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Tamar Shirinian

Tamar Shirinian

Assistant Professor


I am a cultural anthropologist invested in the wide areas of queer theory and studies, transnational feminisms, political economy, the processes of postsocialism, psychoanalysis, and more recently medical and psychological anthropology.

My first book project investigates the intersections of political-economy, gender, and sexuality in the postsocialist Republic of Armenia. Survival of a Perverse Nation: Queer Transformations in Postsocialist Armenia is a queer ethnography that takes postsocialist transformations as its object of study, showing how a widespread rhetoric of perversion (aylandakutyun) conveyed a sense of an Armenia on a queer and perverse path toward no future. These senses of perversion have been mapped onto gender and sexuality, as a rising right-wing nationalist movement projects everyday political and economic tensions onto sexual perversion (aylaserutyun). Alongside this book, my research has also explored feminist movements, the 2018 “Velvet Revolution,” and the strategies of fake news in Armenia as well as broader questions of non-Western forms of sexuality and sexual culture and the relationship between sexuality and geopolitics.

My most current research takes up questions of access and equity in mental healthcare in the United States. This work is propelled by questions around differential access to structures of care (i.e. health insurance, medical and psychological resources), how those structures operate, and how various actors within them negotiate boundaries. Most recently, these interests have taken me to Houston, TX where I have begun exploring the nexus of trauma and recovery in the aftermath of Hurricane Harvey and longer crises and disasters due to toxicity, segregation, and gentrification in the city.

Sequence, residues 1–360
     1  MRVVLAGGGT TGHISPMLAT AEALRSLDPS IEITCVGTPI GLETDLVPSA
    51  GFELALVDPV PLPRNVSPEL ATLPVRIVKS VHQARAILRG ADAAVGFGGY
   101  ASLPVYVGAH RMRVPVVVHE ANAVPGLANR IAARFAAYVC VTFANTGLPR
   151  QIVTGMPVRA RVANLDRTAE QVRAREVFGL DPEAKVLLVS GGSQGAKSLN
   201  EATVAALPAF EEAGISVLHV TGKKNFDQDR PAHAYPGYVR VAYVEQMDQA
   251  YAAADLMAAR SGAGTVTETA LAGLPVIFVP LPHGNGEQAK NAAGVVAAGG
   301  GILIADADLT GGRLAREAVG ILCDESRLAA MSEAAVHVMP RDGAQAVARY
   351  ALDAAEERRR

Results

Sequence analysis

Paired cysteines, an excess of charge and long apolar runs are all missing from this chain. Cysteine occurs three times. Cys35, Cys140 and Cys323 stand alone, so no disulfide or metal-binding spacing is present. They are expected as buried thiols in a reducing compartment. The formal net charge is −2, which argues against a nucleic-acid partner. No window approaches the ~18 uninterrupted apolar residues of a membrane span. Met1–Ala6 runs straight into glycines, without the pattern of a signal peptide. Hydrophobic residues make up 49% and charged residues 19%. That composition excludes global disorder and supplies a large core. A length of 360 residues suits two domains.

Anthropological inquiry and ethnographic methodology have led to my involvement in a number of other projects, such as collaborations with visual and performance artists and the writing of ethnographic fiction.

Tamar Shirinian on Digital Fakeness in Armenia: PoLAR Author Interview



Research areas: queer anthropology, queer theory, feminist theory, feminist anthropology, transnational feminisms, kinship studies, socialism and postsocialism, political economy, digital cultures, anthropology of crisis, geopolitics, sovereignty, anthropology of space and place, psychoanalysis, Armenian studies, revolution, social movements, psychological anthropology, medical anthropology, trauma, recovery, healing.

DDHR Research Projects


B.A. (2007) Gender and Women’s Studies, University of California – Berkeley

M.A. (2012) Cultural Anthropology, Duke University

Ph.D. (2016) Cultural Anthropology, Duke University,

Certificate in Feminist Studies (2016) Duke University


Book Project:

Survival of a Perverse Nation: Queer Transformations in Postsocialist Armenia, in preparation


Special Issue:

Co-edited with Carina Giorgi Karapetian. 2018. “Queering Armenian Studies.” Armenian Review, 56 (1-2).